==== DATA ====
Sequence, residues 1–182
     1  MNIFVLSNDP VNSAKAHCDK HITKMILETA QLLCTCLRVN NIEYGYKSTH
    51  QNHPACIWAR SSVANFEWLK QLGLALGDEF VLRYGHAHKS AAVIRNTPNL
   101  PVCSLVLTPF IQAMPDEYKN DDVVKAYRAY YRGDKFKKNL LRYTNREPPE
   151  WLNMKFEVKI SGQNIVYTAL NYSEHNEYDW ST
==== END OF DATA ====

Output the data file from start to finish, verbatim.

Sequence, residues 1–182
     1  MNIFVLSNDP VNSAKAHCDK HITKMILETA QLLCTCLRVN NIEYGYKSTH
    51  QNHPACIWAR SSVANFEWLK QLGLALGDEF VLRYGHAHKS AAVIRNTPNL
   101  PVCSLVLTPF IQAMPDEYKN DDVVKAYRAY YRGDKFKKNL LRYTNREPPE
   151  WLNMKFEVKI SGQNIVYTAL NYSEHNEYDW ST